One of the UK’s most prolific gig-goers has spoken about the threat of closure faced by hundreds of venues due to coronavirus.
Over 400 grassroots music venues in the UK are at imminent risk of closing for good as a consequence of the ongoing health crisis, despite a campaign from the Music Venue Trust which has saved cultural 140 spaces so far.
Speaking to NME, avid Bristol-based gig-goer Jeffrey Johns described the potential loss as “terrifying” and called for a selection of spaces to be granted heritage status to protect their future.
Johns, who is affectionally known as Big Jeff, was known for attending live shows every night of the week at venues across Bristol before the UK lockdown was implemented back in March.
He told NME: “I think it could impact on Bristol, but the music scene everywhere. As part of my involvement with Independent Venue Week, we’ve been seeing venues close their doors left, right and centre.
Music Venue Trust have launched a nationwide campaign to #saveourvenues. We need Artists, Music Fans & Local Communities to act together to prevent their local grassroots music venue from permanently closing. Visit https://t.co/6RHVrPVl88 to find out how you can get involved. pic.twitter.com/hMgS04msO0
— Music Venue Trust (@musicvenuetrust) April 27, 2020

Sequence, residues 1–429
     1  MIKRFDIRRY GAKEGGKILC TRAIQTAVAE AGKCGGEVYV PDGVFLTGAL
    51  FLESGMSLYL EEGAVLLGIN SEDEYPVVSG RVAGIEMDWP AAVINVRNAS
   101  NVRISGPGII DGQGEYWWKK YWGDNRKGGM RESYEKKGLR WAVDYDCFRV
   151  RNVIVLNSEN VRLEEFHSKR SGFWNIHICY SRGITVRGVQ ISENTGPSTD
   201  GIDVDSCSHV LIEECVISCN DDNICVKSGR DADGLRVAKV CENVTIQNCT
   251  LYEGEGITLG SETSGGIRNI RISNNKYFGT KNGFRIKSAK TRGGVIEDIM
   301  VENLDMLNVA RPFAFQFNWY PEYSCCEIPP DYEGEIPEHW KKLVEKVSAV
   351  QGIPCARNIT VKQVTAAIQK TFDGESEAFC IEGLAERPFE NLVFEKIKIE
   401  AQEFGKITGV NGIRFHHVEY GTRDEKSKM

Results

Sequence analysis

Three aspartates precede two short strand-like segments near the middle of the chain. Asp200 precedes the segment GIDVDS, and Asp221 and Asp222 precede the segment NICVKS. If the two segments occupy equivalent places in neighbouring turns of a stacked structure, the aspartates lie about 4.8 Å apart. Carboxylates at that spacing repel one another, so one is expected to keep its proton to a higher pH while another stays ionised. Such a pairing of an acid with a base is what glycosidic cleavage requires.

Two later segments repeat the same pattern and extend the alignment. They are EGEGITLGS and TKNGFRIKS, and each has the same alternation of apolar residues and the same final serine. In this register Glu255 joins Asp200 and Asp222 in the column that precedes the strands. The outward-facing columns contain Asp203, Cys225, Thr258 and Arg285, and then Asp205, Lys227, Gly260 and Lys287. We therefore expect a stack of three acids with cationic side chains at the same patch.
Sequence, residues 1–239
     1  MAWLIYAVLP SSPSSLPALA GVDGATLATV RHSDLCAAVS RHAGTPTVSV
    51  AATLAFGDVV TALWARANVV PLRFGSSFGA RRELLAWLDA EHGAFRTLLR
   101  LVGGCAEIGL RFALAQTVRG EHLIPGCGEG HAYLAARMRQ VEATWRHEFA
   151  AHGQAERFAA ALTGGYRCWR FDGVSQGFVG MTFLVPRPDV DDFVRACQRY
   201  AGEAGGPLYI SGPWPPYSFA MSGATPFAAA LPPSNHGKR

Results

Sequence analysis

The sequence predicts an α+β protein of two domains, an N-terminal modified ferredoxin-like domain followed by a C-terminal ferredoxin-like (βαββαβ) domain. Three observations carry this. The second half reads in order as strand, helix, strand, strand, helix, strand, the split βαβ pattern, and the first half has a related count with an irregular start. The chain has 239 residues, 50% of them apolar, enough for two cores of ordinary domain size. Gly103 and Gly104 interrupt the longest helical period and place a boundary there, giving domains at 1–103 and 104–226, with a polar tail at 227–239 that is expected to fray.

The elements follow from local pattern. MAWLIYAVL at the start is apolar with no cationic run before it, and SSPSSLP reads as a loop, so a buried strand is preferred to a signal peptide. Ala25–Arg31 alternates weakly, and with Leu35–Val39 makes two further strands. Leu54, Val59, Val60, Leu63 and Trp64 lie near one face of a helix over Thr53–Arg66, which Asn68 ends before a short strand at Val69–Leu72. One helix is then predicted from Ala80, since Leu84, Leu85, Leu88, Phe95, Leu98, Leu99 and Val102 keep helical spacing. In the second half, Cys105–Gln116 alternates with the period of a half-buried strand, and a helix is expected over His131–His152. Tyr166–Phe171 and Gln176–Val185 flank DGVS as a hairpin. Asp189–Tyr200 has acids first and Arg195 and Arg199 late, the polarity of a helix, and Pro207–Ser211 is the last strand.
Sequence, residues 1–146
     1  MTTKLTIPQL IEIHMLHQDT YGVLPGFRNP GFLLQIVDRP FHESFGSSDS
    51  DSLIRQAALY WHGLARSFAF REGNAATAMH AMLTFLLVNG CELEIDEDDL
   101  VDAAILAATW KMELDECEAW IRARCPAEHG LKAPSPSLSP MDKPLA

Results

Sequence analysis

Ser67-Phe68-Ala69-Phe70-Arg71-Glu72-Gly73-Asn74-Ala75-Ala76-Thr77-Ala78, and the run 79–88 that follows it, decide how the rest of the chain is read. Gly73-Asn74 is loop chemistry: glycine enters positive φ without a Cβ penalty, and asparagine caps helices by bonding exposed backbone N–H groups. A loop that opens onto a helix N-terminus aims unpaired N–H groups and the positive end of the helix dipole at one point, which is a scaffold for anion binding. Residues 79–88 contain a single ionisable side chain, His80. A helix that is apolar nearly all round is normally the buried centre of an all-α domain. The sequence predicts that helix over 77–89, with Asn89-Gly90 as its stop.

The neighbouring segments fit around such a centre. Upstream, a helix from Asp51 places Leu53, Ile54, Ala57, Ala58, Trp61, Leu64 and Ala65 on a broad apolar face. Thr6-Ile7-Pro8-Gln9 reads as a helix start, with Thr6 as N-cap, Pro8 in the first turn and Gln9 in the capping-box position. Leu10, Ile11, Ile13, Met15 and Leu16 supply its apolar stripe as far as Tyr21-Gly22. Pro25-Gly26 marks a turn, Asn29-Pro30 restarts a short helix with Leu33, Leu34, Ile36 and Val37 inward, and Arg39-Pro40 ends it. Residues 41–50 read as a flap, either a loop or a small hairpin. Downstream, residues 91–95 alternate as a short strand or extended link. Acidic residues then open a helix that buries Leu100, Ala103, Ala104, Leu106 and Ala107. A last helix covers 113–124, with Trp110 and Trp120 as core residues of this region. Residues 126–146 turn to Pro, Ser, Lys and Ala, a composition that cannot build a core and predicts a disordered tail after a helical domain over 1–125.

“It’s really quite terrifying. I feel that a lot of them should be treated as heritage. Not just recently, but some of them have a real historical presence going back hundreds of years for some of them. It’s interesting because no one knows how we’ll cope. Whether it’ll be disappear in the next few weeks or whether we’ll be stuck with Covid in a few years time.”
Jeff admitted it was “hard to say” whether venues will survive the crisis, but hailed them as “lifebloods” and said their wide-ranging cultural value needed to be accounted for.
“Entire communities are formed around venues and they bring people together,” he said.
“You’ve got places like the Exchange in Bristol’s Old Market which has been really supportive of different communities. Whether it’s LGBT+ groups holding community meetings or just safe spaces for a lot of people.
“A lot of the venues are so much more than just a room with a stage.”
It comes after Music Venue Trust CEO Mark Davyd called for greater government intervention to protect the struggling sector.
He told NME: “We can’t emphasise how grateful we are to those music fans, music industry companies and public organisations who have supported the #saveourvenues campaign so far, but we cannot relax as we still have a mountain to climb to secure the long-term future of this sector. We still desperately need more music industry companies to step up and help with donations alongside real action from government specifically around rent relief, more financial help and clearer guidance.”
Visit here to donate to the Save Our Venues campaign, where artists are also encouraged to sign up to play online fundraising gigs.